Tuesday, October 28, 2008
The Redfield House, The Grove, Glenview, IL
Conclusion: Need a little getaway? Want to enjoy a northern autumn? Take a trip to Chicago. Enjoy first rate museums, like the Field Museum, Art Institute and the Museum of Science and Industry, then explore Chicagoland's natural beauty. Visit oak-hickory forests, fascinating dunelands, and prairie patches. And, if you have the chance, visit the Grove -- bring along Peattie's A Prairie Grove or An Almanac for Moderns, bring along your own nature journal and explore.
Thursday, October 9, 2008
Backyard Bryophytes: Bryophytes, tiny non-vascular and non-flowering plants that first adapted to terrestrial environments about 500 million years ago, often go ignored as we tramp through our yards. These plants, consisting of mosses, liverworts and the elusive hornworts are surprisingly diverse (over 23,000 species have been described worldwide). In my own backyard, I was able to find and identify at least five different bryophyte species.
Need more information? Bryophyte identification can be very challenging. If you're really interested in learning more about these fascinating plants, sign up for the bryophyte class offered at the North Carolina Botanic Garden in Chapel Hill.
You can also pick up Crum and Anderson's 2 volume Mosses of Eastern North America (1981) and Marie L. Hicks's Guide to Liverworts of North Carolina, both of which are excellent references.
Directions: There are two parking areas at Johnston Mill Nature Preserve connected by Robin's Trail, located off Turkey Farm Road and Mt. Sinai Road, respectively. According to the TLC Johnston Mill Nature Preserve brochure, one can arrive at the the Turkey Farm Road lot by taking "NC 86 north from I-40 (exit 266) 0.1 mile. Turn right on Whitfield Road and follow it for 1 mile. Turn left on Turkey Farm Road and follow that road for 1.2 miles. The parking area is on the left."
One can arrive at the Mt. Sinai Road lot by taking "NC 86 north from I-40 (exit 266) 1.8 miles. Turn right on Mt. Sinai Road and follow it for 1.1 miles. The parking area is on the right just before the New Hope Creek bridge."
My observations & ponderings: As my husband and I explored Johnstill Mill Nature Preserve from the Turkey Farm Road lot on a quiet morning in the middle of the week, we were most powerfully struck by two things: 1) the amazing power of natural disturbance and 2) the surprising density of fascinating natural phenomenon that appears when one takes the time to look and listen.
The effects of natural disturbance is quite evident at Johnston Mill Nature Preserve. As we walked along New Hope Creek, it was easy to see the fresh sediments that had been deposited as far as twenty feet from the creek by recent flooding. Although the extent of the flooding is perhaps exacerbated by local land use change, the process is a natural one that replenishes the nutrients of North Carolina's bottomland forests.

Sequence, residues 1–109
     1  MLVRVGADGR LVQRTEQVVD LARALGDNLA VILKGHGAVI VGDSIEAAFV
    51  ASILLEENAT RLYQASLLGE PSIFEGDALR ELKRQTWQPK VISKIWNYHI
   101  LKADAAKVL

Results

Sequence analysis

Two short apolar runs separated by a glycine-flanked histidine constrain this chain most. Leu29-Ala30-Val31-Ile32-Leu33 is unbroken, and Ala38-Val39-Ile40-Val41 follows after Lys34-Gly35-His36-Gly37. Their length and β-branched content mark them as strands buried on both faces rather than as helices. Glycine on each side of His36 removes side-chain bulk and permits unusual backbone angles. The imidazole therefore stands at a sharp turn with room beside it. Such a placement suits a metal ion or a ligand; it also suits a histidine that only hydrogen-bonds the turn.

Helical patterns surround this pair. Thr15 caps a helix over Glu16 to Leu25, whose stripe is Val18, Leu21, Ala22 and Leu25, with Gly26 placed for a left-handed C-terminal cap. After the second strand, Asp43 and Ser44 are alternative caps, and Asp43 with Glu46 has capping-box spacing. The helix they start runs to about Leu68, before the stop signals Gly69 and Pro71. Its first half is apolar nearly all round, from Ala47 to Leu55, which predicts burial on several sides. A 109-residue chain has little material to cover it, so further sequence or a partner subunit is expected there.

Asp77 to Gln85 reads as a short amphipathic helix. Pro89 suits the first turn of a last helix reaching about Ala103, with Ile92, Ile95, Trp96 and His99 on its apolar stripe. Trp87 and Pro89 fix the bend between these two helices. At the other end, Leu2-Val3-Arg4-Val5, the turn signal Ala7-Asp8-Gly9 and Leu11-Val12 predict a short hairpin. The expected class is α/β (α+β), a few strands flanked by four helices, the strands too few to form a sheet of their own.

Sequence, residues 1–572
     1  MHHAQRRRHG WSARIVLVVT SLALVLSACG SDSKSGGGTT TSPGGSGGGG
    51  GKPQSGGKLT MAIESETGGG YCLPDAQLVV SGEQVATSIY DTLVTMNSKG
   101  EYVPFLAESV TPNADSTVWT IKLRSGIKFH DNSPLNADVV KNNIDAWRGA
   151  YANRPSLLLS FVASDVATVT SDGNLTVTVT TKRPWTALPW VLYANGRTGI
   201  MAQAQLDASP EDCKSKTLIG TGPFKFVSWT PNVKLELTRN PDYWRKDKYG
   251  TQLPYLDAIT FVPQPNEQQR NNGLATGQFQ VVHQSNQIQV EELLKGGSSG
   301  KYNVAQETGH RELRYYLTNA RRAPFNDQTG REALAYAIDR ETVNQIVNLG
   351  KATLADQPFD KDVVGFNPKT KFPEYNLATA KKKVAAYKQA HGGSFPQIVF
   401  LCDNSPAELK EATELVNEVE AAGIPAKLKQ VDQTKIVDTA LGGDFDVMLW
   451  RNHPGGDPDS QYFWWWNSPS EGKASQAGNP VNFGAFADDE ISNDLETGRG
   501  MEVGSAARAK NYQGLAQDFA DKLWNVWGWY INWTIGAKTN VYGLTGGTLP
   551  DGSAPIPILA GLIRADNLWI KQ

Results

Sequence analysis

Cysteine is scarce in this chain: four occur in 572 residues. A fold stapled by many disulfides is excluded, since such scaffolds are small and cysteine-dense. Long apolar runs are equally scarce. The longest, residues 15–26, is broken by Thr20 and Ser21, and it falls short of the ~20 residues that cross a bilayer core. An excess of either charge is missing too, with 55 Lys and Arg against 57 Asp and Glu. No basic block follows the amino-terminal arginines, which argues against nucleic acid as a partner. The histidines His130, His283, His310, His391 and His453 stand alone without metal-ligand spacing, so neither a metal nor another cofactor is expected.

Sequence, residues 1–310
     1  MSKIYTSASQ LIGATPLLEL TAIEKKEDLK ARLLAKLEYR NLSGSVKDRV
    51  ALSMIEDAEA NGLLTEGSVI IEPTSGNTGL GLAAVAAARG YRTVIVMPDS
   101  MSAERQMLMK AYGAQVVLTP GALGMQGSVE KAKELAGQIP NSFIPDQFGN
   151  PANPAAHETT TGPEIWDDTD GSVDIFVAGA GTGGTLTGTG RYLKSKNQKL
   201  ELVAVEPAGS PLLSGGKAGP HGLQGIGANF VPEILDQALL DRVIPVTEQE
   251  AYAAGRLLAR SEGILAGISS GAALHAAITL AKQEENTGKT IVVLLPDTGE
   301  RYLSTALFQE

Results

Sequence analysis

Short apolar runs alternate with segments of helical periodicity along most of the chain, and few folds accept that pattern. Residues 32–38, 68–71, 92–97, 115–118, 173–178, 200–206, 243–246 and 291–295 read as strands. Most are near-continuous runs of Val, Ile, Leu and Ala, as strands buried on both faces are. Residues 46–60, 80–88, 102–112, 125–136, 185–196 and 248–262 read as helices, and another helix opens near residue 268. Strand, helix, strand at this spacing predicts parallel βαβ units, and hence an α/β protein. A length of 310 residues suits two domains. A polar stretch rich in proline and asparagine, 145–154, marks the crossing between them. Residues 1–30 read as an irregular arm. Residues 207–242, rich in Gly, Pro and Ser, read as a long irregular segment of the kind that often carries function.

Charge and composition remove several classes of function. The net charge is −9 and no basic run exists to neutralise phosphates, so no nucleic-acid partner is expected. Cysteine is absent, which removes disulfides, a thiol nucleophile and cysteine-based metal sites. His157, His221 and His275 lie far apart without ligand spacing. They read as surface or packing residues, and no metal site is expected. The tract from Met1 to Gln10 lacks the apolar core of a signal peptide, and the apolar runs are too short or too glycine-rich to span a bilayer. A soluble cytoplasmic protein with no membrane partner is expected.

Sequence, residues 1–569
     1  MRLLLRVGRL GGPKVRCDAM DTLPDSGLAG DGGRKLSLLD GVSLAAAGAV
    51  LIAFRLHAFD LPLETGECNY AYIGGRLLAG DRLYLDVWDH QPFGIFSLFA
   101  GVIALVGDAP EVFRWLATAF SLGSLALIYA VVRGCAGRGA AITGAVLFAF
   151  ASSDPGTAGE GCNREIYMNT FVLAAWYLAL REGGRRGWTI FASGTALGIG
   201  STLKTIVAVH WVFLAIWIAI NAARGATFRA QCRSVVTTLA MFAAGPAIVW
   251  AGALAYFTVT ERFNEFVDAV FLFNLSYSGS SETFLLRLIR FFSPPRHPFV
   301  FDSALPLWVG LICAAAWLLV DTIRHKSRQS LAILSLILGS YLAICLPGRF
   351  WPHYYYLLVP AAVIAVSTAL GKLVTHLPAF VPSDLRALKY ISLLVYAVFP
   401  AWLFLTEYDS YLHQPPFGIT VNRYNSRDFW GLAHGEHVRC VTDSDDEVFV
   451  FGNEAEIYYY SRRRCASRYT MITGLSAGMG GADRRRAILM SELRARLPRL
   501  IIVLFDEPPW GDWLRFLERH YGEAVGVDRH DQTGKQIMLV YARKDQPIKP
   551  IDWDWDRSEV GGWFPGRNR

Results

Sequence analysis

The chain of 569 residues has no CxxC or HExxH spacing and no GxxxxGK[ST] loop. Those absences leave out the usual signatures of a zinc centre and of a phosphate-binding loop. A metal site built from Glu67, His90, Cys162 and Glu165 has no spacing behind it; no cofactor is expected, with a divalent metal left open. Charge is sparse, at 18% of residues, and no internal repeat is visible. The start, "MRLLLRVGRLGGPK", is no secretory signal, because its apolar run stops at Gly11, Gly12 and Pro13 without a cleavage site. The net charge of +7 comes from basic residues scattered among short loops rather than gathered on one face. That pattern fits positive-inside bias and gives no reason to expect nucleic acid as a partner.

New Hope Creek
Other forms of natural disturbance are also evident at the Johnston Mill preserve: hurricanes and ice storms. The impacts of these powerful storms can be seen in the tree falls on the bluff trail, which was affected by Hurricane Fran in 1996 and a severe ice storm in late 2002. The evidence of nature's power at Johnston Mill serves as humbling reminder of both our responsibility to care for the earth and our vulnerability to natural phenomenon.
Taking a slow walk - I'm over 6 months pregnant, so all our walks are slow now - through the woods at Johnston Mill gave us the opportunity to find some amazing organisms, that often go ignored. Due to the recent rains and cool weather, mushrooms have erupted throughout the bottomlands. We were lucky to find a beautiful crown coral (Clavicorona spp) at Johnston Mill. Fortunately, a group of mycologists and mycophiles recently found crown coral (Clavicorona pyxidata) nearby in the Duke Forest, making identification easier.
Besides observing beautiful mushrooms and ornate bryophytes, we were also greeted by an abundance of insects, still active despite the cooler whether. Butterflies and moths fluttered by as mosquitos hovered around our heads and crickets called in the distance.
The flurry of insect activity drew our attention towards the wild flowers at Johnston Mill. Some flowers, like the small red morning glory (Ipomoea coccinea) though weedy, still managed to awe us with their vibrance. Others, like the downy rattlesnake plantain (Goodyera pubescens) that blooms in summer and is now reduced to basal leaves or the crane-fly orchid (Tipularia discolor) whose winter leaves only now emerge, served as an unignorable reminder that summer was over and autumn had arrived.
Rattlesnake plantain (Goodyera pubescens)
crane-fly orchid (Tipularia discolor)